About 43 minimum security men were located in two large rooms with a shared bathroom. The upstairs room, referred to as the attic, was housing about 13 "work release" inmates who work at the nursing home. A portable air conditioner used in the medical room was relocated to the attic area during the recent heat spell. Purchasing more of the relatively low cost portable air conditioning units could be a reasonable solution when summer temperatures are extreme.
There are about 10 smaller rooms housing between 3 and 7 inmates each that have several individual rooms with bunks off a common area used for TV watching, card games, etc. Some of the individual room door locks broke and have not worked for a long time. The locks were never repaired due to high cost and apparent lack of real need.
The neglect of ongoing maintenance makes these inmate areas look run down and dirty since the walls and floor need painting, the bathrooms are in need of patching, tiling, painting, etc. However, painting is inexpensive, especially if the inmates do the work as they did in the main area of the jail. The showers could be repaired by removing old wall material, replacing plumbing fixtures as needed and installing new wall backing with ceramic tiles. One shower stall was lined with plastic sheathing in attempt to stop water from penetrating the walls. A skilled plumber and tile contractor could repair a shower stall in only a couple of day's time. This should be done right away since water leaks from the shower could cause more damage in other areas.
An estimate for a new jail building was obtained since some believe that the jail looks so bad it is not repairable. Most admit that the 42 million dollars seems exorbitant. Before spending many millions of dollars for a new building and demolishing the existing space, it would be prudent to obtain several estimates to fix the roof on a permanent basis, remodel the bathrooms, install reasonable air and heating systems, tile some of the floors while allowing the inmates to paint all the walls and remaining floors.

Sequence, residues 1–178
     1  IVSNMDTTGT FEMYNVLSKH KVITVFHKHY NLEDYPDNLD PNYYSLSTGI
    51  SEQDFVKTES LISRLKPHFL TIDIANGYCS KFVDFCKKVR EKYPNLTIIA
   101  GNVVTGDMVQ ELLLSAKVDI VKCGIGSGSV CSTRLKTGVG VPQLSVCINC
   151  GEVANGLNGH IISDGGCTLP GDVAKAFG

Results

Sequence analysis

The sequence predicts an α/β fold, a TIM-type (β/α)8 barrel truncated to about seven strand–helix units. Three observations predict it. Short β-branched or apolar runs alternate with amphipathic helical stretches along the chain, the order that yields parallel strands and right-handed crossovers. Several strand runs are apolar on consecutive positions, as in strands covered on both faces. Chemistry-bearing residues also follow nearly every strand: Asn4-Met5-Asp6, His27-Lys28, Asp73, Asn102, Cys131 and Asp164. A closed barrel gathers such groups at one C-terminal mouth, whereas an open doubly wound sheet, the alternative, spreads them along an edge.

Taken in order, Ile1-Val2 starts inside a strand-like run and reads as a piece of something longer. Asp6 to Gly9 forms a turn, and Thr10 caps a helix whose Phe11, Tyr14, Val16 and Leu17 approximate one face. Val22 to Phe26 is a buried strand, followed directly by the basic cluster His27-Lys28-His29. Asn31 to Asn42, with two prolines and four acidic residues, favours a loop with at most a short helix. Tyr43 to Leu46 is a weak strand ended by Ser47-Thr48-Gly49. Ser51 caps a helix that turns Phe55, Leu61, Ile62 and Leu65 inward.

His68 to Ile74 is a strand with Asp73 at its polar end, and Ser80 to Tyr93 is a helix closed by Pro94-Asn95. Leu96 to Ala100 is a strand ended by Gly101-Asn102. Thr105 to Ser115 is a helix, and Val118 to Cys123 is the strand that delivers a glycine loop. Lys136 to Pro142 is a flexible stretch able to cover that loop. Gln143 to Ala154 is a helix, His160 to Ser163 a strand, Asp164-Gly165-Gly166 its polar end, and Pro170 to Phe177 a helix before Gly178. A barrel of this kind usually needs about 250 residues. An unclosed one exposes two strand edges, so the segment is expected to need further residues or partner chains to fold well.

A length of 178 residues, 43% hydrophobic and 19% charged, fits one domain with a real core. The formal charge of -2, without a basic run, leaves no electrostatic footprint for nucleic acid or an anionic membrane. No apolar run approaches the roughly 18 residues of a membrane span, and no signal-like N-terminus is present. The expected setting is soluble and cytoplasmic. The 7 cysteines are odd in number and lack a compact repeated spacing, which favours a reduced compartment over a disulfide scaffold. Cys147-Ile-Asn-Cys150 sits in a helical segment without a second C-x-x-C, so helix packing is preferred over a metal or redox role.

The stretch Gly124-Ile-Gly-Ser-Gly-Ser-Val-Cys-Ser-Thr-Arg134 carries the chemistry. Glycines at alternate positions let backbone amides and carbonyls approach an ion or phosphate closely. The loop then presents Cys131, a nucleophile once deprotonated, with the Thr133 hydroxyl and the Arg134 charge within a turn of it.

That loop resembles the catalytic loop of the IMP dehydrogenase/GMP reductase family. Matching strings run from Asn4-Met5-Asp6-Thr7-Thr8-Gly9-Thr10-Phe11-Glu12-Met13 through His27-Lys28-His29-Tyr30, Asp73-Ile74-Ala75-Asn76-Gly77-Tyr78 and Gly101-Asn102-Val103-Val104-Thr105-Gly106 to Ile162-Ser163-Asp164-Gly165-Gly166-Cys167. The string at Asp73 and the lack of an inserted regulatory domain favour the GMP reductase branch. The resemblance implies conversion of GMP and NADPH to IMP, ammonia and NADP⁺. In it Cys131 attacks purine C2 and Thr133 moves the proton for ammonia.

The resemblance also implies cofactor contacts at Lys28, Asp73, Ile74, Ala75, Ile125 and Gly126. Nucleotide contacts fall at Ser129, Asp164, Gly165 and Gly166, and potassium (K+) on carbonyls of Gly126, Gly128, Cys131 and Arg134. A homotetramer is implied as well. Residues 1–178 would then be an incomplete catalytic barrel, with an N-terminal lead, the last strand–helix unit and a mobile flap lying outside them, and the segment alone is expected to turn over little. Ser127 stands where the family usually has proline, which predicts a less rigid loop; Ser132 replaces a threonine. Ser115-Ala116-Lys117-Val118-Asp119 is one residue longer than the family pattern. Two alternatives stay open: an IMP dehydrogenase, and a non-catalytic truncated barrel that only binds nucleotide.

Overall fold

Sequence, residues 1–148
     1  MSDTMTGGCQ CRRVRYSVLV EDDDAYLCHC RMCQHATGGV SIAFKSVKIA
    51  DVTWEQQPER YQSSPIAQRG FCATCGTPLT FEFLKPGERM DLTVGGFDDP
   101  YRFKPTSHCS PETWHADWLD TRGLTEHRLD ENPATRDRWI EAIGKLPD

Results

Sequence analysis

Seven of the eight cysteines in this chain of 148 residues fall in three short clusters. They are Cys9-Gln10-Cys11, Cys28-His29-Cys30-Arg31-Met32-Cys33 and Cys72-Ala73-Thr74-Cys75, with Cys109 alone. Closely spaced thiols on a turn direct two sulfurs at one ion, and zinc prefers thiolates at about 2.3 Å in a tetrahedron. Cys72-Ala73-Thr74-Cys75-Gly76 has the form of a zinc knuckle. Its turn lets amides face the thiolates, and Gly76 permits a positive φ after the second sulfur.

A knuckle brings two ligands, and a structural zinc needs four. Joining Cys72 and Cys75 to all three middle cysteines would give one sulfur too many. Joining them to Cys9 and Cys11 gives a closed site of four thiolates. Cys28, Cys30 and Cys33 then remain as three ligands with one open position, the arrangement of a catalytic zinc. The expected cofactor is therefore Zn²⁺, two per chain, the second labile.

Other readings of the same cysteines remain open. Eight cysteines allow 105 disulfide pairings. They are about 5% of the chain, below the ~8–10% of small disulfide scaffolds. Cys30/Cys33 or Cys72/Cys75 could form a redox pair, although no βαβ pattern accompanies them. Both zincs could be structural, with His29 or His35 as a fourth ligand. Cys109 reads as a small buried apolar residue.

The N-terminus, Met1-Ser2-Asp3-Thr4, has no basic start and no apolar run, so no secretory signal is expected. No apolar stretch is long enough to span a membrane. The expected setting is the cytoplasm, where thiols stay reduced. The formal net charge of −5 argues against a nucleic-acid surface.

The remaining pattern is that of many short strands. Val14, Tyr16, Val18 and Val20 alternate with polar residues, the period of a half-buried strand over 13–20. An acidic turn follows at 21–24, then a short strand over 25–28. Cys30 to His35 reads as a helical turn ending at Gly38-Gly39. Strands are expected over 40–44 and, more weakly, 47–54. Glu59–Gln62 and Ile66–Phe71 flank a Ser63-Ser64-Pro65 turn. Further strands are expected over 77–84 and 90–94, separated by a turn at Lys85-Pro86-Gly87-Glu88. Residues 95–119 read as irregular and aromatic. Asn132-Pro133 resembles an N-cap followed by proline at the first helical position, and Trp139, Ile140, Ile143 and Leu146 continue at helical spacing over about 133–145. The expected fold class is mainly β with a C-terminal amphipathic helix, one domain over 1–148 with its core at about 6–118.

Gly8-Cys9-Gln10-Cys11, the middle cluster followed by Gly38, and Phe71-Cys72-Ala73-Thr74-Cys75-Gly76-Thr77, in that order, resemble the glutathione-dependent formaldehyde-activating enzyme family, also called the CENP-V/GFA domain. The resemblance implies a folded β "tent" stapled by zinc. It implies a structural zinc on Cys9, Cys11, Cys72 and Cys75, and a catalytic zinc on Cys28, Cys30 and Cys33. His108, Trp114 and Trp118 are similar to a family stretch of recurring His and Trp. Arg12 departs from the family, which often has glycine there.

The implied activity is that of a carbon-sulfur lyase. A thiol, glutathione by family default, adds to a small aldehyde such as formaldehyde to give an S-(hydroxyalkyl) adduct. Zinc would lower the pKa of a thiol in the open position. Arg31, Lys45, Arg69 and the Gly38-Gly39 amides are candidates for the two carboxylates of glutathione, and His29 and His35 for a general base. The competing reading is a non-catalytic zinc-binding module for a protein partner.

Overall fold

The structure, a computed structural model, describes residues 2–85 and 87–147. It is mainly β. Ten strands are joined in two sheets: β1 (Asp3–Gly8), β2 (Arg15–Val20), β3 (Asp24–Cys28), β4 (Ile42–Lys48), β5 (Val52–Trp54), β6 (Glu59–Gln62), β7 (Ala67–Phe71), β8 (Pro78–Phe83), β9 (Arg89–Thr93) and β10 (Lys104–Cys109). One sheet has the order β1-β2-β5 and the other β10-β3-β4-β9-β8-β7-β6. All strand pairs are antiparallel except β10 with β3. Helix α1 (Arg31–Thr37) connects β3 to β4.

Upon completion of remodeling, this area will look like the main area mentioned earlier.
In terms of space, a tour handout indicates the design capacity of the jail is 87 inmates, which is 24 less than the current 111. An estimate from several contractors to build a basic concrete wall addition with brick veneer exterior about 10,000 SF in size (much less than 15 percent of the combined existing facility) seems like a reasonable way of increasing the capacity. At 100 to 200 dollars per square foot, the cost would be between 1 and 2 million dollars. The additional space along with the use of bunk beds will provide more than the needed inmate capacity. It will also free up the gym to be used again for winter exercise and other activities.

Hopefully, the 42 million dollar new jail building amount is not being used as a means of convincing people that a 21 million dollar building will be a bargain! Also, if neglecting jail repairs is being used as an attempt to justify an entirely new jail building, the strategy should be stopped. With enough public input, optimistically, the majority of the current delegation will vote for prudent spending. In the meantime, using a practical approach to make repairs should be approved before there is more unnecessary damage to the building.
Rep. Jane Cormier (Belknap District 8)

Rep. Stephen Holmes (Belknap District 5)

Robert Daniels